Review: Dark Asylum

E.S. Thomson (Beloved Poison) unveils another gruesome chapter in the life of Jem Flockhart as she looks into a murder within the confines of a lunatic asylum. A female apothecary in Victorian London, she has lived her entire life disguised as a man. Jem has no love for Angel Meadow Asylum, a dark, hulking facility whose halls echo with the screams of its disturbed inmates. However, when abusive, phrenology-obsessed superintendent Dr. Rutherford is found dead with his ears removed and stuffed into his sewn-shut mouth, his own calipers sticking out of his head, Jem and her best friend and roommate, Will Quartermain, investigate.

Suspicion falls on beautiful, vivacious Susan Chance, a young woman who at the age of 10 killed the man her mother sold her to, and became the ward of another Angel Meadow doctor. Jem and Will remain unconvinced that Susan would kill again--Will troubled to think a woman would commit such a crime and Jem taking a compassionate view of the girl's original crime. As they unravel the truth, Jem and Will move through the filth and stench of London's Dickensian era, when women and children without protectors were destined for prostitution, or worse. The duo find that the staff of Angel Meadow have secrets as dark and dirty as the city itself, and Rutherford is not the only target. Amidst all this, a thread of scenes follows the tragic life a woman who grew up in London's slums and slowly illuminates her connection to the crimes.

Dark Asylum does for Victorian psychology (if such a word even applies to practices of the era) what Beloved Poison did for Victorian medicine, exposing the ignorant cruelty and indignities inflicted upon the mentally ill in a time when the idea of taking patients outside for leisure was revolutionary. To Thomson's credit, she does not cast the asylum's inmates as villains or cretins, but rather focuses on the inhumane conditions and barbarous treatments they suffer, including forced lobotomies and restraint, and punishment with devices now considered instruments of torture. Chills come from the oppressive, violent atmosphere, gruesome urban legends told by impoverished Londoners and visits to graveyards and other settings dank and grim. Jem is quick-witted and sympathetic to the plight of people deemed insane, as she is an outsider in danger of winding up in an asylum herself if the wrong person discovers her deception. Meanwhile, Will pines for the countryside as he faces the chaos of city life. Smart, spine-tingling and sprawling, this second outing shows Thomson has the staying power for a long and delightfully grotesque series. --Jaclyn Fulwood, blogger at Infinite Reads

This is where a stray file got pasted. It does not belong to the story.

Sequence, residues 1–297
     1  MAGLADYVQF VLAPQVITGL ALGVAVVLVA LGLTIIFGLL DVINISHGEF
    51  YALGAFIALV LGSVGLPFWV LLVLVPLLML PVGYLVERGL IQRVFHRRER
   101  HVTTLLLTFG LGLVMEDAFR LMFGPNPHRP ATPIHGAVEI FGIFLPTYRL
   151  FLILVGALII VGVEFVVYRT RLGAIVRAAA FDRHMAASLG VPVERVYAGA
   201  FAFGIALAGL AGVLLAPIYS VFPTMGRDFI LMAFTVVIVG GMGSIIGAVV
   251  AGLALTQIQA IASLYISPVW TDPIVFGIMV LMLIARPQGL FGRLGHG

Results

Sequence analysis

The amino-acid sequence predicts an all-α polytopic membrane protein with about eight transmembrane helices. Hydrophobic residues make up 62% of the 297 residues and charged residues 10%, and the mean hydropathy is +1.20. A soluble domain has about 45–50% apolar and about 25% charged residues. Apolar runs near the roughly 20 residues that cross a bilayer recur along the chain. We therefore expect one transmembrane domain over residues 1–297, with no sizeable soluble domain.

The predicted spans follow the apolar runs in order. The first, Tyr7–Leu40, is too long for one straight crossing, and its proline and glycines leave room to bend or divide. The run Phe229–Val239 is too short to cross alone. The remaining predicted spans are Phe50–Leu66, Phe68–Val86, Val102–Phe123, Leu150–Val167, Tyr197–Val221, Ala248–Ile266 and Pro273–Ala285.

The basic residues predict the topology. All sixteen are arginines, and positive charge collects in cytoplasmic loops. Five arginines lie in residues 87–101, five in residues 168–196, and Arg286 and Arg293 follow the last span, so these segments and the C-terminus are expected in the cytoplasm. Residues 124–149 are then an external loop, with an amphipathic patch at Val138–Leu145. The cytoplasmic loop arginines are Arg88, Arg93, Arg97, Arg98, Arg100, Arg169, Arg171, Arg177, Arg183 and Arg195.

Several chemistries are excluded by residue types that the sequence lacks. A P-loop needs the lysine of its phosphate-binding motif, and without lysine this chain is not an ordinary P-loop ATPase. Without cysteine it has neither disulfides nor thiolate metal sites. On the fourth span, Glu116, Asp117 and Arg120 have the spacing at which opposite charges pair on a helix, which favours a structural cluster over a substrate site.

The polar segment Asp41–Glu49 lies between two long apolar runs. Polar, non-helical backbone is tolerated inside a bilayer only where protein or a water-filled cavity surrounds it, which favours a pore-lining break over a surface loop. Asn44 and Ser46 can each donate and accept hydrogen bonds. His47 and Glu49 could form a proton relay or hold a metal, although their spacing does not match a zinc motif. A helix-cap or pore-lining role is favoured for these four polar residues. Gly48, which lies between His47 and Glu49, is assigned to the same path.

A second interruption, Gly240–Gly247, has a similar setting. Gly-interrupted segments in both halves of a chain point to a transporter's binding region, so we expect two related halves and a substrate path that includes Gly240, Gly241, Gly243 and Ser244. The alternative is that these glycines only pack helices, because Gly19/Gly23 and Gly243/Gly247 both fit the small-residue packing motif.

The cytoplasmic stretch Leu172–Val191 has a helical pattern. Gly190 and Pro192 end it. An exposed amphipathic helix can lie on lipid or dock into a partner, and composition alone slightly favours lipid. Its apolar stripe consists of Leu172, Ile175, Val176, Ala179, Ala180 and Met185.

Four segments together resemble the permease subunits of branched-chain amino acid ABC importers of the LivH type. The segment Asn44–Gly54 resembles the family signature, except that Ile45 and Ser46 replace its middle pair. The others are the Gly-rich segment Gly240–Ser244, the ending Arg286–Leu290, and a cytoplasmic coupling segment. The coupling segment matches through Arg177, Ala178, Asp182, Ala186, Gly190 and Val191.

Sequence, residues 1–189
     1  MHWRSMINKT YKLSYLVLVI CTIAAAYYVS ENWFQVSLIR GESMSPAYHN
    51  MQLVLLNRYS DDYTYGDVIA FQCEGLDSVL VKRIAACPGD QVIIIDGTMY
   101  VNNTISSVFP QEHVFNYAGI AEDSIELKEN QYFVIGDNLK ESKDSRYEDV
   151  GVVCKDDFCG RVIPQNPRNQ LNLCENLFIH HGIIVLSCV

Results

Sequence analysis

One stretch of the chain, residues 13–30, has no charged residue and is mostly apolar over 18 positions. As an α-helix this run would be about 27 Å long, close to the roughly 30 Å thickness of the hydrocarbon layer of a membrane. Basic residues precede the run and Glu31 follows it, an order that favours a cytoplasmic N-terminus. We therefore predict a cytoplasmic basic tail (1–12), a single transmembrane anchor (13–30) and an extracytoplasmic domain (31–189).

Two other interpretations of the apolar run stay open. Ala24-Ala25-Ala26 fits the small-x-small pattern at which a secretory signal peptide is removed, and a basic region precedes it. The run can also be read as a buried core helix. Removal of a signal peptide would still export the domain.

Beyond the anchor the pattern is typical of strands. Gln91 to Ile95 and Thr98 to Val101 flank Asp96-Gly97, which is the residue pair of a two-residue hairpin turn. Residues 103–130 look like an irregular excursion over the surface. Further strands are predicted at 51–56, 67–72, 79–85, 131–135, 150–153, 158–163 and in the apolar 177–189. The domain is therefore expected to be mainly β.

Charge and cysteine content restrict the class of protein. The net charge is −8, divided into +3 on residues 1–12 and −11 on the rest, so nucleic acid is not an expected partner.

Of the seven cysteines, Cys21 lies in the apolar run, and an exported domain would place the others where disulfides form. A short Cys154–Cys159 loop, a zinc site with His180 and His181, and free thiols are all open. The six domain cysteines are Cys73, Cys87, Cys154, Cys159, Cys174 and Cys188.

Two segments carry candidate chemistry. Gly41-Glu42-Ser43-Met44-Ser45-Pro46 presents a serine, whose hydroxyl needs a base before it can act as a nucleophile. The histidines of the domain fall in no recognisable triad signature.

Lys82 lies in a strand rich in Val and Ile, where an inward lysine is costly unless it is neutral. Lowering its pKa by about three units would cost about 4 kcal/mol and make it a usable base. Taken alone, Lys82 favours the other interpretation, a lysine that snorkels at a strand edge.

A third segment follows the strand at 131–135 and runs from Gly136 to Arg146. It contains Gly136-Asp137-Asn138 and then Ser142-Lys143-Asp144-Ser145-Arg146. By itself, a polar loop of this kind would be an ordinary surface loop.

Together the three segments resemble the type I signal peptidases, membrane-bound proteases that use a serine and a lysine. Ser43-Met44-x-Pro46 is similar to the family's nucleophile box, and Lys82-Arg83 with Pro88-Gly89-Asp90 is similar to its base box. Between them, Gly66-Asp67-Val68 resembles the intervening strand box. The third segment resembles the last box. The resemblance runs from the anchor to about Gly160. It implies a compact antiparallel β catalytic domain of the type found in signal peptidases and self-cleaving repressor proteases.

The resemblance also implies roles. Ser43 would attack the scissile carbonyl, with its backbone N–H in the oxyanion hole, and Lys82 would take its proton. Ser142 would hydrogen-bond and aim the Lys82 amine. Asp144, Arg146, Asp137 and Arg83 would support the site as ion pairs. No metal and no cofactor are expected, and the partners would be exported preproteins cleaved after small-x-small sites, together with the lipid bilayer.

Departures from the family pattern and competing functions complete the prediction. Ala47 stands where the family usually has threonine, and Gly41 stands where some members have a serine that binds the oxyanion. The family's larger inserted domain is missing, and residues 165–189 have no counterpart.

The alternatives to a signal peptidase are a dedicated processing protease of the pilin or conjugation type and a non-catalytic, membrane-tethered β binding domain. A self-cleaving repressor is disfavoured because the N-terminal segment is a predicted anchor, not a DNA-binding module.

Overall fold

Shelf Talker: In the return of Jem Flockhart, a British apothecary and Victorian woman living as a man, murder at an insane asylum pulls the sleuth into the seedy heart of London.

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